Paleo Skills Workshop and Lecture by Dr. Devin Pettigrew, 10/15-10/16
Dr. Devin Pettigrew, the University of Colorado at Boulder
Weapon Technology, Hunting Success, and the Search for Modern Behavior in Our Species
Friday, October 15, 2021 at 5:00 P.M. Eastern Time
Signal Mountain Room at the UTC University Center
Or Zoom: https://tennessee.zoom.us/j/91973879336
This Lecture is Free and Open to the Public!
Email Dr. Carey McCormack at firstname.lastname@example.org or Dr. Brooke Persons at email@example.com with questions
About the Speaker
From a young age I have replicated and practiced with old hunting tools like the atlatl and dart (spear thrower). As an archaeologist, I test the ballistics of atlatl and dart and bow and arrow weapon systems through realistic and laboratory experiments. These experiments produce data on weapon efficacy along with samples of damaged stone armatures and animal bone with known histories of impact for comparison with the archaeological record. Using experimental and ethnographic evidence, I seek to understand the decisions made by ancient hunters, how they articulated with their prey and their environment, and how they achieved success.
About the Talk
Archaeologists include the development of sophisticated hunting and defense weapons as one of the material signatures of modern behavior as our species left Africa and colonized other parts of the globe. Composite, compound projectile weapons like the atlatl and dart (spear thrower) and bow and arrow are thought to have allowed modern humans to hunt dangerous prey more effectively, to ward off big predators, and to outcompete Indigenous populations of archaic humans in Europe and Asia, such as Neanderthals. But identifying complex weapons in the archaeological record is not without challenges. Recent research suggests that the material signatures previously thought to have set our species apart from Neanderthals may fail to materialize. In light of recent evidence, we can also question the extent to which new weapons really gave us an edge in any particular context, or are they adaptations to changes in human-prey interactions? These questions can be explored through experiments with old weapons and ethno-historic analogs of Indigenous hunters.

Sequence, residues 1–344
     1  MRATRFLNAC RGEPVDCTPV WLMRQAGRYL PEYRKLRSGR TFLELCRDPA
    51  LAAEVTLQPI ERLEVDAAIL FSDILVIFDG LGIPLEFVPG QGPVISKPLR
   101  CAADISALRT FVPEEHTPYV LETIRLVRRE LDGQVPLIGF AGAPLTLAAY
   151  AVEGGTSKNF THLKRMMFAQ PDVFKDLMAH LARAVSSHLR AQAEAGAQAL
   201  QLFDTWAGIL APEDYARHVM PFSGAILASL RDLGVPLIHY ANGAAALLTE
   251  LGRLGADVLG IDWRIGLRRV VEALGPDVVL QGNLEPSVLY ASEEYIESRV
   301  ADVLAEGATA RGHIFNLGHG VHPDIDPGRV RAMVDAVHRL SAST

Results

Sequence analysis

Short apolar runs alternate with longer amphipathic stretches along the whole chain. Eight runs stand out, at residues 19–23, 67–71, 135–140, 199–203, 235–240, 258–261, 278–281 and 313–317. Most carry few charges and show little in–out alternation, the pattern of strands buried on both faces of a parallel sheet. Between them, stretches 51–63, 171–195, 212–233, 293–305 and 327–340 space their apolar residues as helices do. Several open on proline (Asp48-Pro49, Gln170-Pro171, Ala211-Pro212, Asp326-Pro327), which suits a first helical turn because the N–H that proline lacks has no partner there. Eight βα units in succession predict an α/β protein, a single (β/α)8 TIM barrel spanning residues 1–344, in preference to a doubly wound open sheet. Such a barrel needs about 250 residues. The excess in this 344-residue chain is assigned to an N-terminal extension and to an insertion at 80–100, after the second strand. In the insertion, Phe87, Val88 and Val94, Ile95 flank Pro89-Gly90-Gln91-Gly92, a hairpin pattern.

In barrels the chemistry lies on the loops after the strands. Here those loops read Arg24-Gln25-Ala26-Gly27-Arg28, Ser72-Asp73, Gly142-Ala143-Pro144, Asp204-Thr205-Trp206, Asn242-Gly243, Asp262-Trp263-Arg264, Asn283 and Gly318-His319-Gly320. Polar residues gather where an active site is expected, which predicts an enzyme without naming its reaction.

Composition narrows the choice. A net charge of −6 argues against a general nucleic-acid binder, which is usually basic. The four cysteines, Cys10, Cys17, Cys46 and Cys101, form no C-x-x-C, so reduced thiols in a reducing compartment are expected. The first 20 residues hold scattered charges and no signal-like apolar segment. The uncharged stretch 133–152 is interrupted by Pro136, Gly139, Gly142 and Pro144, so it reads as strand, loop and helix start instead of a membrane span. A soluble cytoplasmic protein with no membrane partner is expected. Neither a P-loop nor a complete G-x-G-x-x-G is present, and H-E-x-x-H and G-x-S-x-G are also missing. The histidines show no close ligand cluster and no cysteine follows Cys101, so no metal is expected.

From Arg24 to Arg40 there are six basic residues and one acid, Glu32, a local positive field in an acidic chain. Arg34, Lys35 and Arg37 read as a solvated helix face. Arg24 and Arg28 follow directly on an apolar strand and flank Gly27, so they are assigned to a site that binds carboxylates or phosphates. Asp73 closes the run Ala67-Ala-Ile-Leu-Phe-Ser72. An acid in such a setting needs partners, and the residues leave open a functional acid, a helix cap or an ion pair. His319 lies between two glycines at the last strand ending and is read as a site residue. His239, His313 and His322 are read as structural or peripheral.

October 16, 2021, 1:00-4:00 pm
Chamberlain Field (UTC Campus)
An experimental archaeology event including instruction on atlatls and slings, with demonstrations on flint knapping and friction fire. The final hour will be dedicated to the Moche toss, a game based on the Moche civilization of Peru. Each station will discuss the purpose and use of the tools and the opportunity to experiment with them. Students will be asked to sign a waiver in case of injury and will be instructed in archery range safety.
Email Dr. Carey McCormack at firstname.lastname@example.org with questions